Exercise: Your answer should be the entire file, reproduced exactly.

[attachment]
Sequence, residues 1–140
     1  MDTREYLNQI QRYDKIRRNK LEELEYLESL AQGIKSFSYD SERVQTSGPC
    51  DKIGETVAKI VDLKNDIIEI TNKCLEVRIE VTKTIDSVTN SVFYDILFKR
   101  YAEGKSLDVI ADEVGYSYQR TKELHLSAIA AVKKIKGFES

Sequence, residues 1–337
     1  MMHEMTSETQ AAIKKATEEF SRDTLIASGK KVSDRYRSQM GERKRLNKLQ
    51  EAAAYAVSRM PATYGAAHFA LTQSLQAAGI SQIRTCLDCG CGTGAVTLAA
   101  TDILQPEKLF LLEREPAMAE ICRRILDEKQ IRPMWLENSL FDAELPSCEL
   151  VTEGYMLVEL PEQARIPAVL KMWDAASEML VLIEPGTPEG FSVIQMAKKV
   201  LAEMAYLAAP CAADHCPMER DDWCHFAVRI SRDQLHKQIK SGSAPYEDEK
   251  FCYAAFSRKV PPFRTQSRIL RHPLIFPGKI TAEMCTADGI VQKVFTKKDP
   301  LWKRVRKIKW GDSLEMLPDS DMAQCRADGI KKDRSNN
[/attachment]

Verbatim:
Sequence, residues 1–140
     1  MDTREYLNQI QRYDKIRRNK LEELEYLESL AQGIKSFSYD SERVQTSGPC
    51  DKIGETVAKI VDLKNDIIEI TNKCLEVRIE VTKTIDSVTN SVFYDILFKR
   101  YAEGKSLDVI ADEVGYSYQR TKELHLSAIA AVKKIKGFES

Sequence, residues 1–337
     1  MMHEMTSETQ AAIKKATEEF SRDTLIASGK KVSDRYRSQM GERKRLNKLQ
    51  EAAAYAVSRM PATYGAAHFA LTQSLQAAGI SQIRTCLDCG CGTGAVTLAA
   101  TDILQPEKLF LLEREPAMAE ICRRILDEKQ IRPMWLENSL FDAELPSCEL
   151  VTEGYMLVEL PEQARIPAVL KMWDAASEML VLIEPGTPEG FSVIQMAKKV
   201  LAEMAYLAAP CAADHCPMER DDWCHFAVRI SRDQLHKQIK SGSAPYEDEK
   251  FCYAAFSRKV PPFRTQSRIL RHPLIFPGKI TAEMCTADGI VQKVFTKKDP
   301  LWKRVRKIKW GDSLEMLPDS DMAQCRADGI KKDRSNN